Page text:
Author: Frank W. Jackson, M.D.
The liver is the largest organ in the body. It is found high in the right upper abdomen, behind the ribs. It is a very complex organ and has many functions. They include:
- Storing energy in the form of sugar (glucose)
- Storing vitamins, iron, and other minerals
- Making proteins, including blood clotting factors, to keep the body healthy and help it grow
- Processing worn out red blood cells
- Making bile which is needed for food digestion
- Metabolizing or breaking down many medications and alcohol
- Killing germs that enter the body through the intestine
The liver shoulders a heavy work load for the body, and almost never complains. It even has a remarkable power to regenerate itself. Still it should not be taken for granted. The liver is subject to illnesses, such as hepatitis B, which may lead to serious liver damage.
What is Hepatitis?
When cells in the body are injured by such things as chemicals or infection, the area that is hurt becomes inflamed. Hepatitis is inflammation of the liver, which in turn causes damage to individual liver cells. It is most often caused by viral infection. However, it can also be caused by alcohol, certain drugs, chemicals or poisons, or other diseases.
Hepatitis may be either acute or chronic. In acute hepatitis the inflammation develops quickly, and lasts only a short period of time. The patient usually recovers completely, but it can take up to several months. Occasionally, a person fails to recover fully, and the hepatitis becomes chronic. In other words, it continues at a smoldering pace. Chronic hepatitis can develop over a number of years without the patient ever having acute hepatitis or even feeling sick. As the liver repairs itself, fibrous tissue develops, much like a scar forms after a cut or injury to the skin heals. Advanced scarring of the liver is called cirrhosis. Over time, cirrhosis irreversibly damages the liver, eventually ending in liver failure.
What is Hepatitis B?
Hepatitis B is caused by the hepatitis B virus (medically abbreviated as HBV). Current estimates are that over 250,000 people in the United States contract HBV each year. It is often spread through sexual contact, accounting for about 50% of the reported cases. It is also spread through contact with blood or body fluids from a person carrying HBV. Some groups have a higher risk of becoming infected with HBV. These include:
- Intravenous drug users
- Health care workers, funeral workers, police
- People in an HBV infected person’s household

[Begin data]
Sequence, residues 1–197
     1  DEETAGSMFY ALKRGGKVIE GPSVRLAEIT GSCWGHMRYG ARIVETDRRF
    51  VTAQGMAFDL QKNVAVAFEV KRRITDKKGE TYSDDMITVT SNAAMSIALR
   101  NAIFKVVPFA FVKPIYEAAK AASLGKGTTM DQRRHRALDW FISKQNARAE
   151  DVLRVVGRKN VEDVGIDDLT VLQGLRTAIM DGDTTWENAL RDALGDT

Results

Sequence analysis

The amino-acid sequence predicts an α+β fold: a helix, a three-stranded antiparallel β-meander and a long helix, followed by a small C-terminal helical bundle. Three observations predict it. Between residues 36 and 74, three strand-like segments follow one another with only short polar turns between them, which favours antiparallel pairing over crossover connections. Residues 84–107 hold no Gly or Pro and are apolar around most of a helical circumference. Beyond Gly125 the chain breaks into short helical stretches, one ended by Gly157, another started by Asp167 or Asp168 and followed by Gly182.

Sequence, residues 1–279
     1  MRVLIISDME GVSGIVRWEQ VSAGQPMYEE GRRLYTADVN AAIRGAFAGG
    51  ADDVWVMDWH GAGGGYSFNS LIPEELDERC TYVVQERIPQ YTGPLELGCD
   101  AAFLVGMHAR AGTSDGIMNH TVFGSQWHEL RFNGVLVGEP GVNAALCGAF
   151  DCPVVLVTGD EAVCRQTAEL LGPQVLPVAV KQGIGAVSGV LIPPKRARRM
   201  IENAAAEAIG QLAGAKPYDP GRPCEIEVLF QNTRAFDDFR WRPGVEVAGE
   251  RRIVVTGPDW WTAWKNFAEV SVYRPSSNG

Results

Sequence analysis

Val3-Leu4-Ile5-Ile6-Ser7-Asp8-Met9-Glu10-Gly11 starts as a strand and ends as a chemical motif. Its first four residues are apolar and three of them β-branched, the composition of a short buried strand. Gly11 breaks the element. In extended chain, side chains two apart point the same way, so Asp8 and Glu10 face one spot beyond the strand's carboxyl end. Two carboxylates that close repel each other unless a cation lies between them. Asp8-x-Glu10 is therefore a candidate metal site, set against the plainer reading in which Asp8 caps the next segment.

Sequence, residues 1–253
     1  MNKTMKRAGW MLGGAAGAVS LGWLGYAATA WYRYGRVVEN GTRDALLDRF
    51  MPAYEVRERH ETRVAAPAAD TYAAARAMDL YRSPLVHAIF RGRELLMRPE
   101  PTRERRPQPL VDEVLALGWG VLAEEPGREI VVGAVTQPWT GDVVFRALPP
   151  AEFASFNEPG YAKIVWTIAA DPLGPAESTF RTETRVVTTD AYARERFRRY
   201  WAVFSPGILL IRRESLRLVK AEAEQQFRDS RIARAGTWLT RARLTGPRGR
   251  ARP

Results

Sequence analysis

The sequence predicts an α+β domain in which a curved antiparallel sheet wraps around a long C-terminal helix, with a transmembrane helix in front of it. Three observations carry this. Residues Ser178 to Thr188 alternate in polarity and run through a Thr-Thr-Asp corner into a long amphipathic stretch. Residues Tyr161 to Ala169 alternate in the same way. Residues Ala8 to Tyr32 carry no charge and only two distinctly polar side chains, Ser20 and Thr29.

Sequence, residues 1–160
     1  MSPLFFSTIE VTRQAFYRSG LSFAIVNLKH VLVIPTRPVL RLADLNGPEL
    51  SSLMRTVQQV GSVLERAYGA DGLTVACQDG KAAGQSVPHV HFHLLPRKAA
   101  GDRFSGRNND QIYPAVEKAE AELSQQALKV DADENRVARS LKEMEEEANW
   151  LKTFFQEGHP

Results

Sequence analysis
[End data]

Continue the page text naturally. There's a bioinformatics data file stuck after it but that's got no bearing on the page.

- People with multiple heterosexual or, especially, homosexual partners
- Residents of nursing homes
- Hemophiliac and hemodialysis patients
- Prisoners and prison workers
- Travelers to underdeveloped countries
- Certain ethnic groups such as Asians, Hispanics, American Indians, Alaskan Natives, or people from developing countries
In pregnancy, the virus is passed from an infected mother to her child in about 90% of the cases. This usually occurs during delivery. HBV is also carried in breast milk. In about 30% of all cases of hepatitis B, however, it is unknown how the patient contracted the virus. This situation is known as community acquired disease.
HBV is much more contagious than the AIDS virus. For example, it can live outside the body on a dry surface for up to 10 days. Once a person gets the virus, it may take from one to six months for the infection and symptoms to develop. One of three things can then happen — most patients develop acute Hepatitis B and recover completely; a small percentage become HBV carriers; and some develop chronic hepatitis B.
Acute Hepatitis B
Many patients with acute hepatitis B have no symptoms, or the symptoms are mild and often mistaken for flu. Their bodies are able to fight the virus off quickly. Some, however, can become quite sick while their bodies are fighting off the virus. The following are symptoms of acute hepatitis B:
- Loss of appetite, nausea, vomiting, fever
- Aching muscles and sometimes joint pain
- Tenderness in the right upper abdomen
- Jaundice (yellowing of skin and eyes)
- Tea-colored urine; putty-like or white stool
Diagnosis of the disease is made by a blood test. It is called the hepatitis B surface antigen test (HBsAg). No specific treatment is available or usually necessary for acute hepatitis infection. The physician may recommend supportive measures to help the patient maintain strength and avoid taxing the liver while the body’s natural defenses are fighting the virus. Acute hepatitis B patients recover completely within six months and develop antibodies that give them a life-long immunity.
Some patients who become infected, however, do not recover completely. Up to 10% of adults with Hepatitis B and up to 50% of infected children under five years of age are not able to completely fight off the virus within six months. This occurs because their bodies are unable to develop antibodies against hepatitis B. Most of these patients become HBV carriers.